intentional interfering signal that targets GNSS receivers and forces them into generating false time and position solutions. A spoofing attack is more treacherous than jamming since the target receiver is not aware of the threat. Ever-increasing advances in electronic technology have made GNSS spoofers and jammers more flexible and less costly such that interferers impacting GNSS can be developed at a low cost for civilian misapplications.

Multipath Mitigation

In the context of multipath mitigation using an antenna array in GNSS applications, much work has been proposed in which Gaussian noise that includes the contribution of all undesired signals such as reflections, interferences, and thermal noise and applied the ML function to this model. Therefore, a simple model for interference is obtained at the expense of a mismatch with the actual interface model. These assumptions may not be realistic in practice for some applications. Another group of methods first finds direction of multipath components by direction finding (DF) methods such as the multiple signal classification (MUSIC) algorithm and then puts nulls in these directions which may be computationally complex in some applications. The most difficulty for multipath mitigation arises from this fact that there is a high degree of correlation between the LOS signal and multipath components and, thus, the conventional antenna array processing techniques fail to cope with low-rate data bits, with Tbl being the bit period. denoted by Lel and, respectively. Therefore, TPNl = LelTel el, (t) {1, 1} is the PRN spreading sequence. The chip length of the codeword and the chip period are is the codeword period. Nel are the number of code epochs per data bit.Â· the energy-normalized chip shaping pulse is denoted by gl (t). In Binary Offset Carrier (BOC) modulations (used for instance in the GPS L5 and Galileo E1 links) there are square subcarriers that can be included in the definition of (t) without loss of generality.

PRN sequence and the chip-shaping pulse are known at the receiver, (t) can be considered also known, up to 1800 phase variations due to data-bit changes.

In this paper, we operate at the output of a bank of correlators. After integration-and-dump, the receiver operates with a set of accumulated signals. The accumulation interval T is typically set to the duration of a code period. A superposition of plane waves corrupted by noise and, possibly, interferences and multipath. An antenna receives M scaled, time-delayed, and Doppler- shifted signals with known waveform structure. These signals correspond to the LOSSs of M visible satellites. The received complex baseband signal is

Where (t) is the transmitted complex baseband low-rate navigation signal spread by the pseudorandom code of the i-th satellite, considered known. Signal parameters are (t), its complex amplitude; (t), the time-delay; and fdi(t), the Doppler deviation. Finally, (t) is a zero-mean, temporally white, additive Gaussian process that gathers thermal noise and all other non-modeled terms.

In the sequel, we focus on a single satellites signal, thus neglecting the contribution of the rest of satellites. This assumption is realistic, considering that GNSS systems use pseudorandom noise (PRN) codes with a high processing gain and relatively small cross-correlation among satellite codes. Therefore, the influence of other satellites can be considered as Gaussian noise and included in the thermal noise term since those signals are well below the noise floor The Direct Sequence Spread Spectrum (DS-SS) signal of the i-th satellite was denoted by si(t), its complex baseband model reads as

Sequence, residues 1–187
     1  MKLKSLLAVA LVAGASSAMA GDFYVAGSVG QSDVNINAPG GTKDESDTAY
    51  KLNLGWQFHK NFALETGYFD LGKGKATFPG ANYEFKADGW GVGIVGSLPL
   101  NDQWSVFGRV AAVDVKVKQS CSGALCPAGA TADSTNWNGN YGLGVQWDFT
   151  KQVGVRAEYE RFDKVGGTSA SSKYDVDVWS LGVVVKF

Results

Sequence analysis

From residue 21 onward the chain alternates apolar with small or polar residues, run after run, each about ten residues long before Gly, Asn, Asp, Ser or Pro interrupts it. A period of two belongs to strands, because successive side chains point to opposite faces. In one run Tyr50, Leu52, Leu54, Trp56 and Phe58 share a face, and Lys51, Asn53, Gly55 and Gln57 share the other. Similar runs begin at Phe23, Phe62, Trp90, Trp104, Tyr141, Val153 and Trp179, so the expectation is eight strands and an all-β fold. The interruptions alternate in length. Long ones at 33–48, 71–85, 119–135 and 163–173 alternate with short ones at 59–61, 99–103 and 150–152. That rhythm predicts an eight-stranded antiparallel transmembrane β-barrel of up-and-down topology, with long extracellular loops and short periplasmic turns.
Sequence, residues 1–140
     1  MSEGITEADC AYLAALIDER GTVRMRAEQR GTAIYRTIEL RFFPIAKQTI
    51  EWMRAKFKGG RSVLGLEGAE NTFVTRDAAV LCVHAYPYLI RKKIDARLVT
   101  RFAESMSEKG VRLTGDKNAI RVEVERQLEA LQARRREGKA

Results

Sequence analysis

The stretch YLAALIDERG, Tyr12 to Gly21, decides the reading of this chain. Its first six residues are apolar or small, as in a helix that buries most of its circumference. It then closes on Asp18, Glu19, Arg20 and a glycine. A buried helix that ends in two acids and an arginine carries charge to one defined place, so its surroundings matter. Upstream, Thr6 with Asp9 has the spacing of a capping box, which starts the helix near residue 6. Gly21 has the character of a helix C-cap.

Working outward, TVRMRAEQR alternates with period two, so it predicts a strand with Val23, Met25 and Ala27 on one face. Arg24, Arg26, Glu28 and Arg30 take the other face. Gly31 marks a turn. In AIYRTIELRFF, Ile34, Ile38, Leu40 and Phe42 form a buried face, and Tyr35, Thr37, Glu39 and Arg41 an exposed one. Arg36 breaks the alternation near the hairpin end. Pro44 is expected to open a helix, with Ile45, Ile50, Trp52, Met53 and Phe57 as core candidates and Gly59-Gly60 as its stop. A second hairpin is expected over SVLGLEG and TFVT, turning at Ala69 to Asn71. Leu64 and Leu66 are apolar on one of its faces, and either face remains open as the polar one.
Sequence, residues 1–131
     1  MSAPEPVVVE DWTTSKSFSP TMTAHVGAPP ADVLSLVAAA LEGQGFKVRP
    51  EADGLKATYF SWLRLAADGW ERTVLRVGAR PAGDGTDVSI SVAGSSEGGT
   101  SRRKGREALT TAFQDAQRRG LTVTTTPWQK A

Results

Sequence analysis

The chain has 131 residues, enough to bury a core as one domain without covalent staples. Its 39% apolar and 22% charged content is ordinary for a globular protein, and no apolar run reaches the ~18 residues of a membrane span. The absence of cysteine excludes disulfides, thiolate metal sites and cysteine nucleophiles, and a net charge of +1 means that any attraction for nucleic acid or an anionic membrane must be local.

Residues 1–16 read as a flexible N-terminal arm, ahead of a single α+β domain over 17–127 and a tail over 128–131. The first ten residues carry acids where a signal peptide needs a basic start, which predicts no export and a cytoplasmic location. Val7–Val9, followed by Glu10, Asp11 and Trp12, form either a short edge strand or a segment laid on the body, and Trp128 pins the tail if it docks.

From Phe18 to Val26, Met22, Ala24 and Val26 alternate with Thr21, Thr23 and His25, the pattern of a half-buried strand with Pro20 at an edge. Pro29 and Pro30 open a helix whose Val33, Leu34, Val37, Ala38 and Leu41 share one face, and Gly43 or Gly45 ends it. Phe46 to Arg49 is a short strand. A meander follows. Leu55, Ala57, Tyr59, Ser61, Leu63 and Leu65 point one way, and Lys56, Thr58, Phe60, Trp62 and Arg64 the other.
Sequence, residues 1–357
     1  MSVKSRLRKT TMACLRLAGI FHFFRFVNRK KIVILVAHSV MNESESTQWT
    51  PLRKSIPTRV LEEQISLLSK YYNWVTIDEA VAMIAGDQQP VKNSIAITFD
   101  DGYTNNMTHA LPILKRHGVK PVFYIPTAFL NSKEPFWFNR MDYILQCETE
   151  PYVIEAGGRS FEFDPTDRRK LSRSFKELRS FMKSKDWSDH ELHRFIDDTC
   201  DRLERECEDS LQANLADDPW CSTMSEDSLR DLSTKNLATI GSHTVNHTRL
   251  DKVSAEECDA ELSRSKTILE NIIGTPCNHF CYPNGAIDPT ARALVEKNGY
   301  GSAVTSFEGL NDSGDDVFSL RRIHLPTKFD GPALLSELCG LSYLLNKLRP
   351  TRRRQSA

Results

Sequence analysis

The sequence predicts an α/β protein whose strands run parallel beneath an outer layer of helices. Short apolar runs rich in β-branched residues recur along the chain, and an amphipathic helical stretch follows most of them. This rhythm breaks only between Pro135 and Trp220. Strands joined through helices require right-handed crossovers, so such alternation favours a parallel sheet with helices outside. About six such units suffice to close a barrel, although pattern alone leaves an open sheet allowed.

Where its in-phase and quadrature components are defined as

Where

Pl is the transmitted power, considered equal for all satellites and elevation-dependant bl,(t) {1, 1} is the sequence of

RESULTS:

Result of the acquisition of the covariance matrix estimate is shown in first three graphs and the modulus of the covariance matrix estimate is shown in the last graph.

Distribution of the multipath replica

Antenna array output.

The proposed algorithm can be used to design a device that could adapt its correlation strategies according to the results of the scenario sensing. The software defined radio approach allows the co existence of different lgorithms for the synchronization that can be stored in the memory and applied as required. The formulation of this new detector is generic and thus it can be used as a metric to assess the existence of the LOSS echoes in the scenario. The use of correlator comes at no additional cost to the receiver. The computational cost is more in the first algorithm. Thus this algorithm is only recommended in high precision GNSS receivers, being highly dependent on these errors. For the other applications, we have found out that the other algorithm proposed does not require synchronization, can be used.

CONCLUSION

The multipath detection method proposed in this paper, targeted to multiple antenna GNSS receivers, is based on the relation between the arithmetic and the geometric means of the covariance matrix eigen values. This relation is used to build a metric, whose theoretical distribution is known in the absence of multipath. Comparison between the empirical and theoretical distributions is done by the Kolmogorov-Smirnov test, which is the basis of the proposed algorithm. It operates directly on the digitized signal, in parallel to tracking loops, and has no need of inferring the number of multipath components nor computing their delays.

Therefore, the proposed algorithm can be used to design a device that could adapt its correlation strategies according to the results of a scenario sensing. The use of the detector comes at almost no additional cost to the receiver. The operation with the associated largest computational cost in Algorithm 1 is the estimation of the covariance matrix. This operation is already performed by most array-based synchronization algorithms. We analyzed the effect of synchronization errors. From these results, the use of the covariance matrix (Algorithm 1) is only recommended in high- precision GNSS receivers, being highly dependent on such errors. For other applications, we found that the use of the sample covariance matrix (Algorithm 3), which does not require synchronization, offers similar performance to the MDL algorithm. Also, improvements to the MDL algorithm in terms of detection probability can be attained if false alarm probability is increased.